The impudence of him, to say I mayn't have any tumble-down bit of Trullyabister for a play-place! I had it all so nicely planned to hide Gloy there, and bring our armour and our spoil there. It was just the very place. It is an old Viking's place at least one bit of it is said to be. But I'll circumvent fule-Tammy yet." "Why not ask permission from Mr. Neeven?"
Harry followed, after cautioning Bill and Gloy to go out of the passage and keep watch, to give the alarm in case Mr. Neeven or fule-Tammy should come upon the scene. The sealkie was neither alarmed nor disturbed by her visitors. She had evidently returned to her tame confiding ways, and allowed the boys to come close to her.
But as they sailed away and uncle's boat landed, they saw the poor sealkie's head peep round the skeö; then there were shots fired, and fule-Tammy shouted at the pitch of his voice, 'Ye've got him, sir, got him! dead as a door-nail! The Mitchells were too disgusted to wait for anything more. They sailed home and told Fred." "It was horrible, Yaspard very horrible.
It's fule-Tammy without question. A pretty fix he has made for himself!" Then Yaspard thought of waking the sailor to see the false light; but on second thoughts he muttered, "What's the use? If I have to speak, and am ever in another place than this, I'll do it. But there isn't any use in telling upon that born fool just now. Well! I'm glad he is a fool.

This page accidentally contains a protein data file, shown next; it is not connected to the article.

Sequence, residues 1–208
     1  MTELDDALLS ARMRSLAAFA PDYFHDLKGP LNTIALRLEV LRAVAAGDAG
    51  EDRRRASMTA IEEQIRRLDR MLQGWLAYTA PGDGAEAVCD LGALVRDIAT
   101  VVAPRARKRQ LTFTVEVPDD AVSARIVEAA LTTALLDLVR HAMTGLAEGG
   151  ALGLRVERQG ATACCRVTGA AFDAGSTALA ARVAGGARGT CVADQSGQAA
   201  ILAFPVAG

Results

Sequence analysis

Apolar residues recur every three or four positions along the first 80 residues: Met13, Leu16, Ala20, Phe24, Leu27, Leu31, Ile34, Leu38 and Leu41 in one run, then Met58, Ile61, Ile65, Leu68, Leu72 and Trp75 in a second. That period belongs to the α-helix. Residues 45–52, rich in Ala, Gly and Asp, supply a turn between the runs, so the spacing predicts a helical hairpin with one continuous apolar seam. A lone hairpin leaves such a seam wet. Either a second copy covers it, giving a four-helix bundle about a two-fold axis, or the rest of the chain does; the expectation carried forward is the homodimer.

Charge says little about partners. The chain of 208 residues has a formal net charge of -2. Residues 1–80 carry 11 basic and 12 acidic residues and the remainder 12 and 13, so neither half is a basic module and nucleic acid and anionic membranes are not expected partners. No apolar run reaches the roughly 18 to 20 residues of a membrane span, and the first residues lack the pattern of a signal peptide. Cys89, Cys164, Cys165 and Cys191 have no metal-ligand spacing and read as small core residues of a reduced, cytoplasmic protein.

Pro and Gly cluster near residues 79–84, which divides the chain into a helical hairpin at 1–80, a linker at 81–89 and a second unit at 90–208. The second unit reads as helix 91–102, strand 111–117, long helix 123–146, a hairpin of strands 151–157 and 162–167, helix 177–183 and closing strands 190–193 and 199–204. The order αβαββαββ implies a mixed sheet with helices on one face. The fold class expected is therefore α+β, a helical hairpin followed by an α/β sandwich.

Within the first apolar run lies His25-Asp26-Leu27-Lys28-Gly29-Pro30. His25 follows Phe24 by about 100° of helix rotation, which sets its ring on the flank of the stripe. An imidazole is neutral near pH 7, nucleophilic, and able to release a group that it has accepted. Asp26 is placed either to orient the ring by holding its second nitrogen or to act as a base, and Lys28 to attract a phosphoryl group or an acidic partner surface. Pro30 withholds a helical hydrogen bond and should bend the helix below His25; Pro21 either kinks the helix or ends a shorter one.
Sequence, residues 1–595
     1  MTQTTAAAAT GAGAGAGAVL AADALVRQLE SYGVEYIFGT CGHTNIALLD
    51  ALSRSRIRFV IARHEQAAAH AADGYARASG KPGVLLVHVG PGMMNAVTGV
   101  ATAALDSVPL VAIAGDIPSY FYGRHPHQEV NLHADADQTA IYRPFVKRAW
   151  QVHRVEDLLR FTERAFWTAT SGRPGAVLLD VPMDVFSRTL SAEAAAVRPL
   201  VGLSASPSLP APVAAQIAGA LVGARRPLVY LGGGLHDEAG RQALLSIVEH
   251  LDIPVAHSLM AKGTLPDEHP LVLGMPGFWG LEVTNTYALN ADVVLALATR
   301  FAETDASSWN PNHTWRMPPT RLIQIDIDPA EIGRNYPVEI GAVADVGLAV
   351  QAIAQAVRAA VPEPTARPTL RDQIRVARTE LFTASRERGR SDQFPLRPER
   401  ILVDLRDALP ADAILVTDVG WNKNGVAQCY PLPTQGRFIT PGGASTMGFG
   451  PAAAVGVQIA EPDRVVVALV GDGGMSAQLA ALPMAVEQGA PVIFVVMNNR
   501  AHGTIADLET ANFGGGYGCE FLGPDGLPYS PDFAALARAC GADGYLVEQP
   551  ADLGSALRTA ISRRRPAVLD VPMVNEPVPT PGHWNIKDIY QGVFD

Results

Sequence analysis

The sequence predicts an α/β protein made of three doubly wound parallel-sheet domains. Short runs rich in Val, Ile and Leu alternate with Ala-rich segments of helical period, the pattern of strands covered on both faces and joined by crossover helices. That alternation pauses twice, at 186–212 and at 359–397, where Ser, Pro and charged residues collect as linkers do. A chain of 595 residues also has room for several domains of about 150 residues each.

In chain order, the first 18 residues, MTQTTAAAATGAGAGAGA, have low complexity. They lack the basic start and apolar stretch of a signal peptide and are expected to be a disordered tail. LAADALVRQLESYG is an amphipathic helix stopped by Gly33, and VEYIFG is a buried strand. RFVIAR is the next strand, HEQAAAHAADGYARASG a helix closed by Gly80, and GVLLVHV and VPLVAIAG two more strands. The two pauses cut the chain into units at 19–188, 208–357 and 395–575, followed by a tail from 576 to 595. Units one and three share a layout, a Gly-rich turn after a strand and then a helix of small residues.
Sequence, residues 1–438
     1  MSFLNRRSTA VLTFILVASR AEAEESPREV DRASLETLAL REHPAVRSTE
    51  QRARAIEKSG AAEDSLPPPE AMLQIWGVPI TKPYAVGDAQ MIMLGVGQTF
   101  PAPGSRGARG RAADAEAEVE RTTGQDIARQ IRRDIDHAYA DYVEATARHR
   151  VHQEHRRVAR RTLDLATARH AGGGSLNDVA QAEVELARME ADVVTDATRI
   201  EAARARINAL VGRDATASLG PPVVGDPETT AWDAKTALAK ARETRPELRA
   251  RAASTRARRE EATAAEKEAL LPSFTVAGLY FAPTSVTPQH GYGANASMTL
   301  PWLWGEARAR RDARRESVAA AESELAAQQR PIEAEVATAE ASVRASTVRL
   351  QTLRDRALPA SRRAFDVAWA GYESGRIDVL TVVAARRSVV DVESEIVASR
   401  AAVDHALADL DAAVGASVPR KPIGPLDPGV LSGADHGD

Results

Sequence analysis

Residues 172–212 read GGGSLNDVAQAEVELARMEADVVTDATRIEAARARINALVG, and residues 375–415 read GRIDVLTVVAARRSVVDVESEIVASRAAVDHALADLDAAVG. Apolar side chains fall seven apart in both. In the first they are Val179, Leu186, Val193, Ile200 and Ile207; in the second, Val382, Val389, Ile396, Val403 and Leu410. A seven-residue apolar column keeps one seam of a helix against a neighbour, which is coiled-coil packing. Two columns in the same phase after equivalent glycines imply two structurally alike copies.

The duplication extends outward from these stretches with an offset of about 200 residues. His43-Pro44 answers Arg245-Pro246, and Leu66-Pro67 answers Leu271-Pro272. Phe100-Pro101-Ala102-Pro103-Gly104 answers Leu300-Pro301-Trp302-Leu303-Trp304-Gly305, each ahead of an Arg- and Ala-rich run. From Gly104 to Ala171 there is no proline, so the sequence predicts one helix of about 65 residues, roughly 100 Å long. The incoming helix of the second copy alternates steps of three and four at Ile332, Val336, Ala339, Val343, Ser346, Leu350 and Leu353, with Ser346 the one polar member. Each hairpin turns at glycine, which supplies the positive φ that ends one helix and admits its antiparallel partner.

"And that schooner's captain for another," said Fred. "Now for it," thought Yaspard. "I wonder what I ought to do? I can't peach on poor fule-Tammy."
She was soon so interested in her occupation that she forgot how time slips past, and was not aware that Yaspard had been absent a whole hour when he returned looking very much annoyed. "Bother that fellow!" he said, as he helped Signy into the boat and took his place at the oars. "You mean fule-Tammy?" she asked. "Of course.
When within a short distance of the old house a backdoor suddenly opened and fule-Tammy came out carrying a peat-keschie. He was going to the stack for fuel, and the particular stack he meant to visit happened to be the very object behind which Yaspard crouched. "If," thought the boy, "he comes round this end of the stack I'm done for." But Tammy didn't.
Up went their caps in the air, and out rang their wild hurrahs, louder and heartier at each renewal, to the consternation of fule-Tammy, who was waked from slumber by the uproar, and came out rubbing his eyes, with all his hair on end, and wailing, "The trows! the trows! they've come tae pu' doon a' the house at last." He was a comical sight, and laughter took the place of cheering.
Wouldn't I pitch into him!" exclaimed the Viking-boy; whereat Harry, laughing, said, "That's all done with now. Wreckers went after the Vikings, didn't they?" "With the exception of fule-Tammy," retorted Yaspard. "And yourself," said Tom. "Maybe they left as bad behind them," Yaspard said quickly.
How could uncle be so cruel to a poor sealkie, and yet be so kind to me?" Yaspard laughed. "There is a difference between you and Trullya, Mootie! But now comes the nice bit of my story. The seal wasn't killed at all! Fule-Tammy told me all about it. He said it had a young one with it, and they had been spending the night in the skeö.